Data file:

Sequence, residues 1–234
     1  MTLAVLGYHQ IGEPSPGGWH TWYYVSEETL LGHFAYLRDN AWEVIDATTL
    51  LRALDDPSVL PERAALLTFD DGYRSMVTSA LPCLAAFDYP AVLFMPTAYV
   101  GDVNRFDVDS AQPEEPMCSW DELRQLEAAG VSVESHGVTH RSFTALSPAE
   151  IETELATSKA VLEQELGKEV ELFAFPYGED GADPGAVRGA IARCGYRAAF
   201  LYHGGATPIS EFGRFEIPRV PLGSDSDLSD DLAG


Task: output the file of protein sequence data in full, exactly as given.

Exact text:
Sequence, residues 1–234
     1  MTLAVLGYHQ IGEPSPGGWH TWYYVSEETL LGHFAYLRDN AWEVIDATTL
    51  LRALDDPSVL PERAALLTFD DGYRSMVTSA LPCLAAFDYP AVLFMPTAYV
   101  GDVNRFDVDS AQPEEPMCSW DELRQLEAAG VSVESHGVTH RSFTALSPAE
   151  IETELATSKA VLEQELGKEV ELFAFPYGED GADPGAVRGA IARCGYRAAF
   201  LYHGGATPIS EFGRFEIPRV PLGSDSDLSD DLAG